The One That Started It All
When I was organizing and scanning the family photos last year, I had no thought of, let alone desire to, tracing my family tree. I simply wanted to prevent further deterioration of the family pictures that were given to my niece and get copies for my oldest brother and myself. Then I stumbled across this picture of a grave marker for a John J. Doyle, a staff sergeant in the Army who was killed in WWII in Chenkung, China on November 18, 1943. Knowing this could not have been my great grandfather John J. Doyle (who would have been near/in his 70's in 1943), I set out to find out who this person was and what his relationship to me was. Little did I know what a chase that search would start me on, nor what a great hobby and hopefully future career I would find in genealogy.
I can't remember the exact order of my search for Sgt Doyle, but I wound up at Ancestry.com and signed up for a free 14 day trial. I entered his name in the search engine and the rest is history (literally!). I found many Doyles in US Census Records, the Social Security Death Index, and other databases included in the Ancestry.com site. I'd put one name in, find an ancestor with siblings I didn't know or forgot existed, and turn around and enter the newly found people in the search engine. Which, of course, led to further discoveries. I was hooked long before the 2 week trial ended (note: if you sign on for a free trial at ancestry.com, be sure to CALL them on the phone to cancel before the trial expires or your credit card will automatically be charged). Anyway, I didn't find Sgt. Doyle, but somehow was led to Google Chenkung China + WWII. From there I was steered towards researching the Flying Tigers. I didn't find any evidence that John was with them, but that he may have been in the troups that took over after the Tigers left. To end the story before getting too much further along, I wound up finding John's name on the WWII Memorial Site. Clicking on his name on this site, I found that a brother and sister had posted honor certificates for John. I then plugged in the brother's name at ancestry.com and VOILA! I found him. He was the oldest son of my Great-Grandfather John J. Doyle's oldest son. Sgt. Doyle's parents were William (Leo?) Doyle and Nellie (?). The lesson to be learned from this: I had seen William an Nellie's family on the census records several times but dismissed them as the connection simply because I never heard anyone talk about a Nellie. Turns out, there were several Nellie's in my Doyle/O'Rourke line!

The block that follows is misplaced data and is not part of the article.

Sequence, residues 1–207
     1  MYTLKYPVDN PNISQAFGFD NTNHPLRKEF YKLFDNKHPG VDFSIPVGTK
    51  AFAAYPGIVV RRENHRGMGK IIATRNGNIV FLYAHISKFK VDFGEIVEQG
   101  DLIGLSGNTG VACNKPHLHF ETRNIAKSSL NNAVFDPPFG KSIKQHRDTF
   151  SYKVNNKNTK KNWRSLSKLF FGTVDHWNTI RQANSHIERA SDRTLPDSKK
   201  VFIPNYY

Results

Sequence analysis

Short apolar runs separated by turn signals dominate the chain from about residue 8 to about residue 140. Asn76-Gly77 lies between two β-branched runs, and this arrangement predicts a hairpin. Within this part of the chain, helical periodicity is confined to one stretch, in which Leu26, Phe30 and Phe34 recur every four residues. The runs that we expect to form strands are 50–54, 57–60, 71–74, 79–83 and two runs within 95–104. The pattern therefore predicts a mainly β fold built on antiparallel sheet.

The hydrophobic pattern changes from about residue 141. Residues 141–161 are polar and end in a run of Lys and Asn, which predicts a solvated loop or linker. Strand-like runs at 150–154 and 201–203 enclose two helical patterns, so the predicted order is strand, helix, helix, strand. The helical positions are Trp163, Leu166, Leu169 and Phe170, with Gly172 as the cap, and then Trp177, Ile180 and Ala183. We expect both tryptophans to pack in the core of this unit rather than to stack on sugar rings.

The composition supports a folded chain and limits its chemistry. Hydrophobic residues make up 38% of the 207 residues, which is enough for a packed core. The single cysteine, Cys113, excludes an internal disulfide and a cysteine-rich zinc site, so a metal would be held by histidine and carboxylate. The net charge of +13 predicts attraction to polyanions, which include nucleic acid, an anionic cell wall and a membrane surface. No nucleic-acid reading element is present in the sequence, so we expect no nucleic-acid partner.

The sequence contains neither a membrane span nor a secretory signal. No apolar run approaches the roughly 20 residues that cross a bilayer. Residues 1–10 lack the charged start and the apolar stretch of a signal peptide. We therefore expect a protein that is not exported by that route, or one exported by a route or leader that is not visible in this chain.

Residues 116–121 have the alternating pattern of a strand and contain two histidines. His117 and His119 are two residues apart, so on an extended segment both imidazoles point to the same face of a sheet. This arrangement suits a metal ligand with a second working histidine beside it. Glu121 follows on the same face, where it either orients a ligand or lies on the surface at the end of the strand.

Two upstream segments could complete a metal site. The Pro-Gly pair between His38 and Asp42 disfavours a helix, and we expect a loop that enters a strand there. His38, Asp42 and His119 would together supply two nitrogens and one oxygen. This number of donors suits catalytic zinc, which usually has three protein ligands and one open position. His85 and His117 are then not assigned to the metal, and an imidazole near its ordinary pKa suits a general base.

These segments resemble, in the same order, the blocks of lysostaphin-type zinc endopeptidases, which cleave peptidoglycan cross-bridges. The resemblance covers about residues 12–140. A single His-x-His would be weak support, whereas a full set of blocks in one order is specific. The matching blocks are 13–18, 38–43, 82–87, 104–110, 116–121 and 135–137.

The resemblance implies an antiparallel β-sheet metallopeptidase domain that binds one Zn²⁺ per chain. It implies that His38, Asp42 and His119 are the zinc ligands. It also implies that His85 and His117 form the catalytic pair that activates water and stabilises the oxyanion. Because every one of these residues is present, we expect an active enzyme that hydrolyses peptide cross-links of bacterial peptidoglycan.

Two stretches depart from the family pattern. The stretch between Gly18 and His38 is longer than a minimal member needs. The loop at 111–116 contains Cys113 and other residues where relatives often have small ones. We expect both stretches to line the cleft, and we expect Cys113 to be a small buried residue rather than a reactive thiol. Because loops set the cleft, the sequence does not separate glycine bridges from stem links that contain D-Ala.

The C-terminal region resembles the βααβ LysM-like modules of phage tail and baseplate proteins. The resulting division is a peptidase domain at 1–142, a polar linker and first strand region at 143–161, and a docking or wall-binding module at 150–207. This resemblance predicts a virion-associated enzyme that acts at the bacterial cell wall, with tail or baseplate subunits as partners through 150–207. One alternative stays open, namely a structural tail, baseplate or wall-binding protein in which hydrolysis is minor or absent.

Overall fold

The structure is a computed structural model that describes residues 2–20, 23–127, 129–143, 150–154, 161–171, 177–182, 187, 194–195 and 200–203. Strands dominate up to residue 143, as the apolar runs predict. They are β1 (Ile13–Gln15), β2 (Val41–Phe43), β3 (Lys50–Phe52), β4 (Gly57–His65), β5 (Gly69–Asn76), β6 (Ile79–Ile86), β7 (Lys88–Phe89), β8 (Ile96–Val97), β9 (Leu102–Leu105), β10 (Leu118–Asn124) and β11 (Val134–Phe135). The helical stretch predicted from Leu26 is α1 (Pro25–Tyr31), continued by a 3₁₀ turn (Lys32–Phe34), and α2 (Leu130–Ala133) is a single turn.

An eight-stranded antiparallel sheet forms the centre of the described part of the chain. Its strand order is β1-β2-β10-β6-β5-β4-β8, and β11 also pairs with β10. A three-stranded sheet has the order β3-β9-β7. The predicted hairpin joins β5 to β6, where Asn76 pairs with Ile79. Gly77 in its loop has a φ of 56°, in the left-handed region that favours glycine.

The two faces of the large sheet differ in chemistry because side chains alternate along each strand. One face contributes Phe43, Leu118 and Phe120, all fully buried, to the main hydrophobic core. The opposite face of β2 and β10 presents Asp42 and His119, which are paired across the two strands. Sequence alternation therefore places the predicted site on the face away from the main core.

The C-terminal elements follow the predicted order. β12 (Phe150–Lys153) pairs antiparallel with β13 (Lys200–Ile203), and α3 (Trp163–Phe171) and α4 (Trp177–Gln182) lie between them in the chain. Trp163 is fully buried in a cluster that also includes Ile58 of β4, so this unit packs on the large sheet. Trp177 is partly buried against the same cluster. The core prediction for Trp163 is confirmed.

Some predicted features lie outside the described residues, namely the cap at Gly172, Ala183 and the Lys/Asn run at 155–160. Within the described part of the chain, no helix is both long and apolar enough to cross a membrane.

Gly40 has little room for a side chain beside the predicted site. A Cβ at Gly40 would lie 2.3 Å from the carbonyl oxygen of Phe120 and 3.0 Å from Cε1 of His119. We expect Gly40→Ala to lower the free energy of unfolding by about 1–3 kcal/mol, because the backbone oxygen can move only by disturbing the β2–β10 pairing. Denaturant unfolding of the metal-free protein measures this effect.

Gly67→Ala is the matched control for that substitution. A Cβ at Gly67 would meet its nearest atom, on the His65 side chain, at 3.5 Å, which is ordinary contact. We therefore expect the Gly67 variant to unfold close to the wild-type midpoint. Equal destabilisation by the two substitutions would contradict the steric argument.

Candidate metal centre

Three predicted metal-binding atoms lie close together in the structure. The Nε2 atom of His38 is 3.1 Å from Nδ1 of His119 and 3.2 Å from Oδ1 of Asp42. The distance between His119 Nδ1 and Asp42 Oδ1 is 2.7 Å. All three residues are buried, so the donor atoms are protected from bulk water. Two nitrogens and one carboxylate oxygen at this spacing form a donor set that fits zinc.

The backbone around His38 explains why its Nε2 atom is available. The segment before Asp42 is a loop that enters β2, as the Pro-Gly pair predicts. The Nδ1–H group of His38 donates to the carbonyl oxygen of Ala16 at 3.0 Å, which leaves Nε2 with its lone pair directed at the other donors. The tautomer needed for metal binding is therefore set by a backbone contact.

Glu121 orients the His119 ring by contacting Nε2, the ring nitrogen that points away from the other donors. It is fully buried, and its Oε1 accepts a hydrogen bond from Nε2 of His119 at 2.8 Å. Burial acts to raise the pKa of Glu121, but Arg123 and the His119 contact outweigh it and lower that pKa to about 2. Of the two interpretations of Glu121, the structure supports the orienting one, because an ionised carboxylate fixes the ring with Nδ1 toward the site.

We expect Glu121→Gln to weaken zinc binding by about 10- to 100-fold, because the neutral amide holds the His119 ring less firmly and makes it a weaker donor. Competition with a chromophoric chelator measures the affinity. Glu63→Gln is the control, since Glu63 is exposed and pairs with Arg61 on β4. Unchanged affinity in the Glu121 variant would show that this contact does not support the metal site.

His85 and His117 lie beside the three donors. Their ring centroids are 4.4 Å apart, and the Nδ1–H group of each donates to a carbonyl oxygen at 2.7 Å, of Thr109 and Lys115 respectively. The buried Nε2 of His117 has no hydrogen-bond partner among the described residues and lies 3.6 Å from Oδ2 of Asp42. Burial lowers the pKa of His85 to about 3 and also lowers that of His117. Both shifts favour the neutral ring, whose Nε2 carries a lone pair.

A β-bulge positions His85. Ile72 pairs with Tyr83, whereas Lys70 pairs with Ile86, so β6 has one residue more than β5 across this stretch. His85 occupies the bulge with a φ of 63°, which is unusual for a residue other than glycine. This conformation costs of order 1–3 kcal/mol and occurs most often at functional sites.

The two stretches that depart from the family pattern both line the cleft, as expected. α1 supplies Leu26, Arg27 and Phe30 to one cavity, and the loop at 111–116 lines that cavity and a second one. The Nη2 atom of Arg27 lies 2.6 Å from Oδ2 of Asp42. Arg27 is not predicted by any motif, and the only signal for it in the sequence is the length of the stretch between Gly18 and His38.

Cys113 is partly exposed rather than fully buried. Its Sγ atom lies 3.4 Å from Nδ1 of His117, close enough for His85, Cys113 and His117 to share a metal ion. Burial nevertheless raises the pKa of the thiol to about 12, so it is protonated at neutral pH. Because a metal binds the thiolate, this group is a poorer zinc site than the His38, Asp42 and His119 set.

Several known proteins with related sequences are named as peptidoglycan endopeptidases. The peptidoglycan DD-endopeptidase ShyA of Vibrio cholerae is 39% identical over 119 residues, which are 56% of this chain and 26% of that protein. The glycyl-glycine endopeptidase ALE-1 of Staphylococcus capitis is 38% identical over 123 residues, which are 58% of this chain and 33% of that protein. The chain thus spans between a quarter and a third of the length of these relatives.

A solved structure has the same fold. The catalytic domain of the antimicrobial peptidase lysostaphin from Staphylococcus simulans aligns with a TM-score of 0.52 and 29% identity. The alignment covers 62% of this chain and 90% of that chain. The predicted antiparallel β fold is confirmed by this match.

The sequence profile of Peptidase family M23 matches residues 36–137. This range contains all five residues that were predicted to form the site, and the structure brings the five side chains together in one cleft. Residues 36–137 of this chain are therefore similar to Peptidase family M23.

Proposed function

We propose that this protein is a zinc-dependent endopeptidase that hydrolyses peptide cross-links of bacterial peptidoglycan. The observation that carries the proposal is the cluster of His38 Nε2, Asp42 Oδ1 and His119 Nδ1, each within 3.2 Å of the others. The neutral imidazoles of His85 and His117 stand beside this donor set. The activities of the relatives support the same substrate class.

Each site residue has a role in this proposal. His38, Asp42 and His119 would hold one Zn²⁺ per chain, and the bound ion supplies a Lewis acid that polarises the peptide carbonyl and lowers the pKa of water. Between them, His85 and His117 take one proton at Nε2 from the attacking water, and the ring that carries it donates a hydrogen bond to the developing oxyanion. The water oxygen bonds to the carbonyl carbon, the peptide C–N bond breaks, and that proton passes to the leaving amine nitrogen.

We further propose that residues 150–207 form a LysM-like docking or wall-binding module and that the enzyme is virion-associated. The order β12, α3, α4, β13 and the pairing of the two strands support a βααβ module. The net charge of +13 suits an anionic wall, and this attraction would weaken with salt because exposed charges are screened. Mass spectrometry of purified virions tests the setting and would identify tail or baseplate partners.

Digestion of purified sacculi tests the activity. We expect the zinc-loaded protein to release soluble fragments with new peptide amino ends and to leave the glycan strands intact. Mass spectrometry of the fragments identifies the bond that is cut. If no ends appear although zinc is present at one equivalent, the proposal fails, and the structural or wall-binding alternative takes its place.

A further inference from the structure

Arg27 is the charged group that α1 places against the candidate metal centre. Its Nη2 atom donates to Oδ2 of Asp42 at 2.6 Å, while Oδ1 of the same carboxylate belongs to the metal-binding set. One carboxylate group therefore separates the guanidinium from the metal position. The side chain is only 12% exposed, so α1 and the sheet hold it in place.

If you scroll down to my third post ("The Origin of OMcHodoy") and look at the picture of the Doyle and Tighe families, the future Sgt. John Doyle is in the third row from the bottom, the first person on the left (in white t-shirt). This picture was sent to me by my mom's first cousin, who found me through another cousin who found my website from the Luzerne County PA webpage.
My next post will give some tips on verifying data. I learned very quickly to do some intensive research when finding new ancestors. The cardinal sin of genealogical research is assuming a relationship betweeen people based on ... circumstantial evidence, if you will. Verification of data is vital to those who wish to have an accurate picture of their family tree.